Gambling regulators nix Orlando Jai Alai’s attempt to add 40 performances

'It’s a bad outcome but it’s a bad outcome we are forced to make because of the authority that we have.'

Orlando Jai Alai won’t be able to hold 40 jai alai performances this year after Florida gambling regulators rejected the pari-mutuel’s petition to alter its annual license.

The Florida Gaming Control Commission voted unanimously Thursday to turn down the proposal, with Commissioners concluding state law doesn’t allow them to add jai alai performances once an annual schedule of games is approved in December or January. Orlando Jai Alai’s annual license renewal application outlined no jai alai performances.

“According to the statute we don’t have the authority to approve this, and if we did approve it without that authority we would be authorizing what is illegal gambling,” said Chairman John MacIver.

MacIver added that he would prefer to approve it, but couldn’t go against state law.

“I generally think the people in the state who are trying to follow the rules … deserve as much help and assistance from us on the regulatory side,” MacIver said. “It’s a bad outcome, but it’s a bad outcome we are forced to make because of the authority that we have.”

In other administrative actions, the Commission approved an application from The Casino at Dania Beach pari-mutuel for one additional card table, as well as the annual slot machine license renewal for Magic City Casino.

The Commission also took action to ban two people from all pari-mutuels in the state after they had previously been banned from a particular casino.

Miami Gardens police arrested Natalie Shaw in December after she left her child in a car while she gambled at Calder Casino for 45 minutes. Ivan Francisco Arias Garcia was kicked out of Magic City Casino in February for “capping” his bet, or adding chips to a winning bet after the outcome was already known. Both are now permanently banned from Florida pari-mutuels.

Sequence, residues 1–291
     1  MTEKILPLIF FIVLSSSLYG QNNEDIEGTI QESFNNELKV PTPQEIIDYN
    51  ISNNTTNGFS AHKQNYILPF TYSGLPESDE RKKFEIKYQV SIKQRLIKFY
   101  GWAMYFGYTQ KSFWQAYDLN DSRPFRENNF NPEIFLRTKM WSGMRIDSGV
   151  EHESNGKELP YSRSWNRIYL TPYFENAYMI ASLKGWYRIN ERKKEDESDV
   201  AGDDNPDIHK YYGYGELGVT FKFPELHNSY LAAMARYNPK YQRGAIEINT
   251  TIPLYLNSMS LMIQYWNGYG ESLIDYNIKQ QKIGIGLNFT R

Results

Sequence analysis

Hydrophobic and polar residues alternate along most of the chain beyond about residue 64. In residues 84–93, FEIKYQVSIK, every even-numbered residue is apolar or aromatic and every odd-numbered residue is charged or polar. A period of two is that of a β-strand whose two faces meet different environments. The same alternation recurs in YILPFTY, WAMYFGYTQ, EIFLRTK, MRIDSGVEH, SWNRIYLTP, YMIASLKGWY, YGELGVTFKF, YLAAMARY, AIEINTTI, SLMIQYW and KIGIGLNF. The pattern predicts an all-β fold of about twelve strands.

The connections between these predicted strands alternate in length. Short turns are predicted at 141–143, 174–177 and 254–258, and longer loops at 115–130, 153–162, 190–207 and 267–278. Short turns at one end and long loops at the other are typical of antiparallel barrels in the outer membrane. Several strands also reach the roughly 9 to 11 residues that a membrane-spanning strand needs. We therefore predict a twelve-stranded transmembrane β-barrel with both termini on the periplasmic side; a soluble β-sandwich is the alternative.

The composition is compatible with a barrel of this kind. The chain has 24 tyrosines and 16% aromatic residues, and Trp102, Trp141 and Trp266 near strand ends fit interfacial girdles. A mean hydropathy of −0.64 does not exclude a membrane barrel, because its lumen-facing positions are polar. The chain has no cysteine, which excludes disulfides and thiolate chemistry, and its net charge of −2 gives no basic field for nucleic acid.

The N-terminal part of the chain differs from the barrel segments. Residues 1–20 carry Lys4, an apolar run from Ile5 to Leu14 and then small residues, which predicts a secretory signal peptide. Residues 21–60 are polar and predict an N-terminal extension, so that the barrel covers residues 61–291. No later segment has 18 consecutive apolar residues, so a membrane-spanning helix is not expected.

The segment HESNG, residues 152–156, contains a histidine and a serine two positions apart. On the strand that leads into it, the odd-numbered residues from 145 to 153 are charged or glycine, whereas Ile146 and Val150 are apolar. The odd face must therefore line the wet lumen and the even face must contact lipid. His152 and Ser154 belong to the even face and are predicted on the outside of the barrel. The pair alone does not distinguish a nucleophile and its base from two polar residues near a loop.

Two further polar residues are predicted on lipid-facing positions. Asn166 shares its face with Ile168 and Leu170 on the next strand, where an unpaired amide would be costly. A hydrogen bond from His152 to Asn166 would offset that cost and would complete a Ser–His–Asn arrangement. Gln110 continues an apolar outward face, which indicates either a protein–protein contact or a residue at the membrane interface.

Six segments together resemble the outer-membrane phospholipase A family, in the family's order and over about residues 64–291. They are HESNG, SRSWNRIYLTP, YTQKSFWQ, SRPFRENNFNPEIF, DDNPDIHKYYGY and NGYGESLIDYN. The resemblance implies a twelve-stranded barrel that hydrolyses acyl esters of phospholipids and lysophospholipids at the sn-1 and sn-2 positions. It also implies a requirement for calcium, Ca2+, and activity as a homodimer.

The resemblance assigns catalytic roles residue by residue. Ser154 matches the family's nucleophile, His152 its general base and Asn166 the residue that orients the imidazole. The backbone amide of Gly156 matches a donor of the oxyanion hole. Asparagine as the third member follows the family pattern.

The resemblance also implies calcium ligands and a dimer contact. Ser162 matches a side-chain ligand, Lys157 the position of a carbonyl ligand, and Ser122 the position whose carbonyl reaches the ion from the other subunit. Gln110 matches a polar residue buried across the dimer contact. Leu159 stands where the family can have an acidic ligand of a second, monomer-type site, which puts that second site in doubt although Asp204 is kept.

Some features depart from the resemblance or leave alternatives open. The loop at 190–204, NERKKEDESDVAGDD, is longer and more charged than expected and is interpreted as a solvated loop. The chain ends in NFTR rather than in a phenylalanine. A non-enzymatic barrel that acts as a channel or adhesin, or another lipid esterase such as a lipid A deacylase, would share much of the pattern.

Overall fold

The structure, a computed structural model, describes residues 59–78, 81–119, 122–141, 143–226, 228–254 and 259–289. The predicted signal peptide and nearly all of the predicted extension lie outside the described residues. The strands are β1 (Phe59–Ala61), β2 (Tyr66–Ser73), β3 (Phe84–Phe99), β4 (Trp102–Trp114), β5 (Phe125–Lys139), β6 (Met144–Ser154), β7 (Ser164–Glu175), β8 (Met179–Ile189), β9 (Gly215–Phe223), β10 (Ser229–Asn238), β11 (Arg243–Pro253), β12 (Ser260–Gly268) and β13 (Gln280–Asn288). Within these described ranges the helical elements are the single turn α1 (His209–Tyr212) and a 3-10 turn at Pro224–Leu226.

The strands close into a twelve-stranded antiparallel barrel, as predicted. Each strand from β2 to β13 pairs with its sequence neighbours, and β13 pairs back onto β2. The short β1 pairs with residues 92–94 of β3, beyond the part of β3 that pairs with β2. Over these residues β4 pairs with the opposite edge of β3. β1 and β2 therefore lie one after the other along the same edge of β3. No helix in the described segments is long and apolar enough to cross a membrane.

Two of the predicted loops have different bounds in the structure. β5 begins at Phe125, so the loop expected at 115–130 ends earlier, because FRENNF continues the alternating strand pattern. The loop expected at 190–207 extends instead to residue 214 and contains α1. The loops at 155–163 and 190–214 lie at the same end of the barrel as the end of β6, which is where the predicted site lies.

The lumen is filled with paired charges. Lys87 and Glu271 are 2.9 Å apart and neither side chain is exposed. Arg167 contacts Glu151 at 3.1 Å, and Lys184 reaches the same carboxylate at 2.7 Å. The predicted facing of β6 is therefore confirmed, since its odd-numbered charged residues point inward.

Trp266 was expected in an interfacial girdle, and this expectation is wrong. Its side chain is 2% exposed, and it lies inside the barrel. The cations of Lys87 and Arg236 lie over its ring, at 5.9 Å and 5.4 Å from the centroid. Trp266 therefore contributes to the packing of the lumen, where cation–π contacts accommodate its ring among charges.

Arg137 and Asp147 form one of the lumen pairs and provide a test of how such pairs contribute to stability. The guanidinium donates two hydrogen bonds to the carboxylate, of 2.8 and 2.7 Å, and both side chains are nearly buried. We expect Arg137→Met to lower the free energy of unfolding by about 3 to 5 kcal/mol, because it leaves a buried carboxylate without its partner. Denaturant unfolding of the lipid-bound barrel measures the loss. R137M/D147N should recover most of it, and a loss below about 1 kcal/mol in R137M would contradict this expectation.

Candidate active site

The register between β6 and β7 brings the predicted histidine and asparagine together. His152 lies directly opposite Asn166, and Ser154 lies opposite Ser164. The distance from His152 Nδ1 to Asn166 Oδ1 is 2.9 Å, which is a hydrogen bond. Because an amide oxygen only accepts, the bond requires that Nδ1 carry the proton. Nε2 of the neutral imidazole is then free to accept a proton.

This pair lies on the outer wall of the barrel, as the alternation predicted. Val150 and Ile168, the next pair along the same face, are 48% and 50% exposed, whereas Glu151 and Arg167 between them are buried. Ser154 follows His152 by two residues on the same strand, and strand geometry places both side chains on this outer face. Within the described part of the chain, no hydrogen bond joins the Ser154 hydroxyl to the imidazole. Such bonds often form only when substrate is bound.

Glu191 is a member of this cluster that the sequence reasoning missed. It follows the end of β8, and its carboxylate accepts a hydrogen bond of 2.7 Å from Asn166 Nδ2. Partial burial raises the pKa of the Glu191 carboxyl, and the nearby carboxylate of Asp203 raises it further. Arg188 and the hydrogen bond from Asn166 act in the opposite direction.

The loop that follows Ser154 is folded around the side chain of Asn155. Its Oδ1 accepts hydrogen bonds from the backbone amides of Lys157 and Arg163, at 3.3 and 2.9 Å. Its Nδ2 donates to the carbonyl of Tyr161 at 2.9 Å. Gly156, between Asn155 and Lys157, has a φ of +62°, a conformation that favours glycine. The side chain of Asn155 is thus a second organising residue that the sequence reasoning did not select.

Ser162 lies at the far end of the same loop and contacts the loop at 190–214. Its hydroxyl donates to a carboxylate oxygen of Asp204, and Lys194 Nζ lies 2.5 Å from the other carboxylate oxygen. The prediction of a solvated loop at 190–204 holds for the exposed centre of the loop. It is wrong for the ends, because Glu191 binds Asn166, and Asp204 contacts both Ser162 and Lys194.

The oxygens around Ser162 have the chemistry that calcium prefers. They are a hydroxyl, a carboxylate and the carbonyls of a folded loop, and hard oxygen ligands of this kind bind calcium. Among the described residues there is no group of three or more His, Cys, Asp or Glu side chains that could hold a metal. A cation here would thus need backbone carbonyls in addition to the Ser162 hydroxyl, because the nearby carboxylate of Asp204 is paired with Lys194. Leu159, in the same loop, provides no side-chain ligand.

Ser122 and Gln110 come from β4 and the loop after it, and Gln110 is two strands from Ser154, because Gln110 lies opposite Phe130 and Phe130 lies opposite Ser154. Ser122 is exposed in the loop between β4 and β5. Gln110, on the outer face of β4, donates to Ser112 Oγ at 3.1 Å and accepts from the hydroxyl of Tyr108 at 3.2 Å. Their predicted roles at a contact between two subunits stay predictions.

The Commission was created by lawmakers in 2021 as a successor to the Division of Pari-Mutuel Wagering housed in the Department of Business and Professional Regulation, and didn’t begin holding meetings until earlier this year. The panel is still in the process of hiring law enforcement officers to aid its mission of enforcing Florida’s gambling laws.

Gray Rohrer

One comment

  • Terry

    August 5, 2022 at 5:06 pm

    The state did not have a problem allowing “ Oxford downs “ to break the law.. owning their own horses putting them in the name of their cocktail waitress.. name to fraud the public..


Leave a Reply

Your email address will not be published. Required fields are marked *


Florida Politics is a statewide, new media platform covering campaigns, elections, government, policy, and lobbying in Florida. This platform and all of its content are owned by Extensive Enterprises Media.

Publisher: Peter Schorsch @PeterSchorschFL

Contributors & reporters: Phil Ammann, Renzo Downey, Roseanne Dunkelberger, A.G. Gancarski, Anne Geggis, Kelly Hayes, Joe Henderson, Ryan Nicol, Jacob Ogles, Scott Powers, Gray Rohrer, Aimee Sachs, Jesse Scheckner, Christine Sexton, Andrew Wilson, and Mike Wright.

Email: [email protected]
Twitter: @PeterSchorschFL
Phone: (727) 642-3162
Address: 204 37th Avenue North #182
St. Petersburg, Florida 33704

Sign up for Sunburn